UK accuses Starbucks, Amazon, Google for ‘practicing tax avoidance’
London: British authorities have reportedly accused Amazon, Google and Starbucks of being “immoral”, “manipulative” and of “practising tax avoidance on an industrial scale”.
The firms were branded a disgrace by British MPs who uncovered information about Starbucks’ “sweetheart deal” with Dutch tax authorities and attacked Amazon in the face of revelations about a 252 million dollars French tax probe.
According to the Telegraph, the fiery exchange, led by UK Public Accounts Committee chairman Margaret Hodge, saw all three companies accused of siphoning profits away from Britain by using a complex web of accounting strategies that were cynical and “unjust”.
“We are not accusing you of being illegal. We are accusing you of being immoral,” the paper quoted Hodge, as saying.
The lawmakers also expressed shock at revelations that Starbucks had signed a secret deal in the Netherlands, where it has its European headquaters, to pay a discount rate of corporation tax.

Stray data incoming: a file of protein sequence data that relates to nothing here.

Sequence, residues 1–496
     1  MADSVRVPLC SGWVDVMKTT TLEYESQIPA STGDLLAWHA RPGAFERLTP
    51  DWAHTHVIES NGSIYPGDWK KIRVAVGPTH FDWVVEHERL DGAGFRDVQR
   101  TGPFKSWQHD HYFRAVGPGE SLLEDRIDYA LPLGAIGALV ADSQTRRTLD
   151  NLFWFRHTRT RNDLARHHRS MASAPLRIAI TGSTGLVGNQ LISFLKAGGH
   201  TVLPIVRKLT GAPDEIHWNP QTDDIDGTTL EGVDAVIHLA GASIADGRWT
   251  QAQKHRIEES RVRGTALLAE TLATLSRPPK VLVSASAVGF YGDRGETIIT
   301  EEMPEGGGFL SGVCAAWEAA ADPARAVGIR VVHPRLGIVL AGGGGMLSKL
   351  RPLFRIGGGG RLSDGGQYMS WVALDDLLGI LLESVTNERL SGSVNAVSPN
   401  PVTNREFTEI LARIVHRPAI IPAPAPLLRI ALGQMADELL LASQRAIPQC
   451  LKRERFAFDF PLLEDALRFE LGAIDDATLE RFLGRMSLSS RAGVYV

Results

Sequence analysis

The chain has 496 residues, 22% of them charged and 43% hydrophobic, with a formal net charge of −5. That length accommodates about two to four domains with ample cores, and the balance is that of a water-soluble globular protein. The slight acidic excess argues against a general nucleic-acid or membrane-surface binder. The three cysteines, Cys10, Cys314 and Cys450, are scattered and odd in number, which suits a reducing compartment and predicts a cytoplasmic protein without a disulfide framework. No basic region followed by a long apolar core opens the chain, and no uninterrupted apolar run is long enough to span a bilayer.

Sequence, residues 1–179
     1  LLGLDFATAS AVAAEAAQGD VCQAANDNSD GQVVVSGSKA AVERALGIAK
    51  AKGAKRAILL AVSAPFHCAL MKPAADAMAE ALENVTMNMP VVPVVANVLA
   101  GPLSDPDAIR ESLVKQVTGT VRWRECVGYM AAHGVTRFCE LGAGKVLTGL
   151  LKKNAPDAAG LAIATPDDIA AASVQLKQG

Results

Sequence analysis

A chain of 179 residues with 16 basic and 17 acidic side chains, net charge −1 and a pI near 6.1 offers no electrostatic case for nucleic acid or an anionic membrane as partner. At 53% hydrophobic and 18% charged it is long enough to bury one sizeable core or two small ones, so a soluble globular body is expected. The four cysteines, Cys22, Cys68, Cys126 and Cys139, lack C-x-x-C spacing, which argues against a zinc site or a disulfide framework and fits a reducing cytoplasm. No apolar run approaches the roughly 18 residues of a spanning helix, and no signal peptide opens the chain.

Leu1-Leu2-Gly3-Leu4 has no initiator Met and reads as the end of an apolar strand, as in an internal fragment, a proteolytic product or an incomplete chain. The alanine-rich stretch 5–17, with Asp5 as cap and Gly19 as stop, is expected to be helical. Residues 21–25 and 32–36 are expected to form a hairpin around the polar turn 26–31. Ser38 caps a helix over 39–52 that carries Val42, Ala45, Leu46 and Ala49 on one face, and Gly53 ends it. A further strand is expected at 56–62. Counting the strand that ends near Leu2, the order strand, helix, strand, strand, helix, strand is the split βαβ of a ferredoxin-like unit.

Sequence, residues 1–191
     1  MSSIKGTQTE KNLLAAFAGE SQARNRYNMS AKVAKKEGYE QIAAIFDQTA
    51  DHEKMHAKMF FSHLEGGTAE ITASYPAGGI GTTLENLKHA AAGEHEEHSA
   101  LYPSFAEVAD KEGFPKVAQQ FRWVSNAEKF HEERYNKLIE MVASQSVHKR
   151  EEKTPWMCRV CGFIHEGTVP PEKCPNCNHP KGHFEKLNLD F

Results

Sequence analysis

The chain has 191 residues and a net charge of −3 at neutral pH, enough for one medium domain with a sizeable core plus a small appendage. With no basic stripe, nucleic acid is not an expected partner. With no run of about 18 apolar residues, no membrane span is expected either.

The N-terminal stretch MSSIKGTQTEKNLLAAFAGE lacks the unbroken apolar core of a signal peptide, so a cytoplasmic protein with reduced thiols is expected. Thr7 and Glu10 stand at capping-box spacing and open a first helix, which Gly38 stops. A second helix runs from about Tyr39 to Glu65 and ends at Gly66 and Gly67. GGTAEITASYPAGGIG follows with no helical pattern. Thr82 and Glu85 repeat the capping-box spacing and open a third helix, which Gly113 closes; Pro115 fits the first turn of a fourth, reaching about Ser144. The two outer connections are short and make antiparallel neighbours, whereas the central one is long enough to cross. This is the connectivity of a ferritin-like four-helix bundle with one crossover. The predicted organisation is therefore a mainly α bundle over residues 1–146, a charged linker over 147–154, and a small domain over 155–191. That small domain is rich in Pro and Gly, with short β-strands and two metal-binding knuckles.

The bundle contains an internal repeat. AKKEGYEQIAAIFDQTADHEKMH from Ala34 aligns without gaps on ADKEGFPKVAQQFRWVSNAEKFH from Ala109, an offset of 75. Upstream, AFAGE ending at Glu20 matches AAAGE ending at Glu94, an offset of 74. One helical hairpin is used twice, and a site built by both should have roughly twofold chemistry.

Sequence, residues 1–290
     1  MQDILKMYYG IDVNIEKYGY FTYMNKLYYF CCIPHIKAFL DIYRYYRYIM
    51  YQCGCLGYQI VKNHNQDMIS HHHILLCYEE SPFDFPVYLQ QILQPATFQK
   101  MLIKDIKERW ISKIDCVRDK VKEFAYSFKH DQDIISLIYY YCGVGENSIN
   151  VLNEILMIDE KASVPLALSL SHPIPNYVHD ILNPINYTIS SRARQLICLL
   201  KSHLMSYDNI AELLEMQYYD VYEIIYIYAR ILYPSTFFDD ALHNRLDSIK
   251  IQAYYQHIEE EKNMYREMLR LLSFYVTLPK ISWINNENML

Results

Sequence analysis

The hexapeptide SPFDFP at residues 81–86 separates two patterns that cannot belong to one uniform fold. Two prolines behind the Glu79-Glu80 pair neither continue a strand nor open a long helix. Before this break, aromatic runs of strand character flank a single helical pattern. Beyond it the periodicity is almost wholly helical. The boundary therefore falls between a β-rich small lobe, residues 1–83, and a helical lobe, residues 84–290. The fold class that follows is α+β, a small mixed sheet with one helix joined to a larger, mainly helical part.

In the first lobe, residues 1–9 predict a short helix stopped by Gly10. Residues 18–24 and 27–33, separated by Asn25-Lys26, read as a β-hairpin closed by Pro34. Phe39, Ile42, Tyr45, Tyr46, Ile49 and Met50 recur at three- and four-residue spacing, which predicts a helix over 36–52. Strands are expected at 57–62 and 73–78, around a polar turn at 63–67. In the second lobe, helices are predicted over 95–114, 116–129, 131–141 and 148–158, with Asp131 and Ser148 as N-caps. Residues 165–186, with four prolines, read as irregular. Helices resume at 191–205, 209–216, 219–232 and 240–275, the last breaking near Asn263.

According to the paper, despite having its warehouses in the UK and employing 15,000 people, Amazon drives all of its sales through Luxembourg.
Andrew Cecil, head of public policy at Amazon, was lambasted by Hodge for avoiding the Committee’s questions.
Conservative MP Charlie Elphicke, who has been leading the criticism of US companies avoiding tax, pointed out that Google’s tax charge for 2011 was 2.6 billion dollars globally, on income of 12.3 billion dollars.
Elphicke said that equates to 21% tax rate. However, when you look at Google’s foreign income before tax of 7.6 billion dollars only 248 million dollars of tax was paid, the equivalent of 3.25%.